IPv6 stands for Internet Protocol version 6, it is the successor of the IPv4 protocol. IPv6 creates 128-bit IP addresses. This way 2^128 potential addresses can be created. Because the IPv4 addresses are almost all in use, IPv6 was created to cater the growing need for IP addresses.

ISP

An ISP (Internet Service Provider) is a provider of internet connections. For private users this most often encompasses internet connections, internet TV connections and internet phone connections.

Kill Switch

A kill switch is a function often used in VPN applications. It shuts down all the internet traffic when the VPN connection is suddenly lost. VPN connections aren’t 100% stable and can lose connections for a variety of reasons. The kill switch prevents any data from leaking.

L2TP

L2TP (Layer 2 Tunneling Protocol) is a VPN-security-protocol for encryption and authentication of data. L2TP cannot establish a VPN connection on its own, so most often it is used in combination with IPsec.

L2TP/IPsec

L2TP/IPsec is a combination of L2TP tunneling with IPsec encryption. By combining these two protocols you get a strong and secure VPN protocol.

Logs

Logs are the files kept by e.g. your computer, websites, ISPs or VPN providers. Logs can be used for a variety of reasons. One of the reasons to use logs is to track someone and identify who this person is. Obviously this creates some privacy issues for users or website visitors.

Metadata

Metadata describes the characteristics of other information like websites, text documents and pictures. This metadata mostly describes when, by whom, and how long a certain file was used. For example, the date an email was sent, the author of a text, or the IP address that belongs to an account. Metadata commonly has a negative effect on privacy.

NSA

The NSA (National Security Agency) is one of the intelligence agencies of the USA. The NSA is responsible for monitoring, gathering and processing information for intelligence purposes. The NSA frequently gets negative attention, due to their unorthodox methods.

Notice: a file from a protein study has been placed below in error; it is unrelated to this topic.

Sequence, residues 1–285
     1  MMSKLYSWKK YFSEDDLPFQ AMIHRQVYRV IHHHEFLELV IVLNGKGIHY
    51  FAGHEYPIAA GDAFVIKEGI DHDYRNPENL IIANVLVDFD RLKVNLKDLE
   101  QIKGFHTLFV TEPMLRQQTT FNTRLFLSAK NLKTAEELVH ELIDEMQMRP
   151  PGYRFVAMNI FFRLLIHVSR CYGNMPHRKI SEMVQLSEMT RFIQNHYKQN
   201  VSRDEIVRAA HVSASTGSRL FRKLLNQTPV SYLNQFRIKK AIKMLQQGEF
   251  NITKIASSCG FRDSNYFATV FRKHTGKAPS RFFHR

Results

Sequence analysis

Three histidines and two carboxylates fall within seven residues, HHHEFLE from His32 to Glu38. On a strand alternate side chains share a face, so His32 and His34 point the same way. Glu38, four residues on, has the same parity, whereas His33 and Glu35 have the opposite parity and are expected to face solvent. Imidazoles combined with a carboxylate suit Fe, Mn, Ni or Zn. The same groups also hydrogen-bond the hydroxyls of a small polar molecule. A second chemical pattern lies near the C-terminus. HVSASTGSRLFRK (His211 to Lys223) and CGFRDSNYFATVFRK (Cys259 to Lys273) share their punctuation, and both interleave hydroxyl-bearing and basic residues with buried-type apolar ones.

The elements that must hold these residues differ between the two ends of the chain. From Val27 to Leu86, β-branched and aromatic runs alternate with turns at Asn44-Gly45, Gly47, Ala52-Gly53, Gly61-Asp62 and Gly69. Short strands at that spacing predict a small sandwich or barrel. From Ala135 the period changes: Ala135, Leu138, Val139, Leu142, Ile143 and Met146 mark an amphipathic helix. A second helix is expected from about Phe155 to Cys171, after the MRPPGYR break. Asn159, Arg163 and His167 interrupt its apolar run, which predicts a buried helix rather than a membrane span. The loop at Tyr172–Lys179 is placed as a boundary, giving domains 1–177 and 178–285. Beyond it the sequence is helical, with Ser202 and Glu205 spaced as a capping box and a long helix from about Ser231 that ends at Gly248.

Open-source Software

Open-source software is a type of software of which the source code is made accessible to everyone for free. Commonly, open-source software is created by a broad network of volunteers. From a security and privacy perspective open-source software is seen as a reliable way of creating a program. Since the source code is available to anyone, any person can check the security and look for any backdoors and bugs.

OpenVPN

OpenVPN is an open-source VPN protocol, which is frequently used for setting up an encrypted VPN connection. OpenVPN is seen as one of the most secure VPN protocols.

P2P

P2P stands for peer-to-peer, this term is used in context of downloading torrents or sharing of files. P2P describes the characteristics of the connection between two users. This type of P2P connection doesn’t use fixed servers for their service. With a P2P network, data transmission goes from the sender to the receiver without any server stops. The most famous P2P network is BitTorrent. With P2P networks the downloader and uploader are easy to track down if they don’t use a VPN.

Password Manager

A password manager program helps the user to generate and save passwords. It often creates unique, random and safe passwords for you.

PPTP

PPTP (Point to Point Tunneling Protocol) is a VPN protocol that is outdated. Some computers use this type of protocol by default, but in general it is perceived as unsafe.

PGP

PGP stands for Pretty Good Privacy and is an encryption protocol for email messages. At the moment PGP is the most used and secure way of encrypting your emails. PGP can encrypt both text and attached files. Unfortunately, PGP cannot encrypt the header of an email. This header also contains the metadata. Therefore, PGP cannot guarantee complete privacy.

Proxy

Proxy servers act as an intermediate server between a user and the internet. Proxy servers enable the user to change his or her virtual location. But a proxy server does not encrypt data that passes through it. Hence, free proxy servers are seen as relatively unsafe in terms of privacy protection.

Router

A router is a networking device that forwards data between devices and the internet. Routers perform the traffic directing functions on the internet. A router receives the data packet from connected devices, the router then reads the network address and directs the packet to the next network. This continues until the packet has reached its final destination. The router also receives packages from the internet. It then has to redirect the packet to the right device within its network. With DD-WRT you can set up a VPN on your router.

SmartDNS

SmartDNS is a service offered by some VPN providers, it helps to bypass geo-blocking. By using a SmartDNS the virtual location of the user is changed by means of DNS servers in other countries. This enables the user to pretend he/she is situated in another country. This way you can bypass geographic restrictions. Unfortunately, SmartDNS does not encrypt your data traffic. Compared to a VPN a SmartDNS is less safe. Nevertheless, a SmartDNS is a good way to bypass any geo-blocking.